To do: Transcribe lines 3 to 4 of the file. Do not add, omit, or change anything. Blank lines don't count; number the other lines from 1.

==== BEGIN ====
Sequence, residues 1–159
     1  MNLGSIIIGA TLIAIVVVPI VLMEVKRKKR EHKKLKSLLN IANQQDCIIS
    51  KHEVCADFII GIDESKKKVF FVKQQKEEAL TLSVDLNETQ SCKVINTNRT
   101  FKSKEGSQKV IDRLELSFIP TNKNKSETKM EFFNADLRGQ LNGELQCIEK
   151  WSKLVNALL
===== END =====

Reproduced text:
    51  KHEVCADFII GIDESKKKVF FVKQQKEEAL TLSVDLNETQ SCKVINTNRT
   101  FKSKEGSQKV IDRLELSFIP TNKNKSETKM EFFNADLRGQ LNGELQCIEK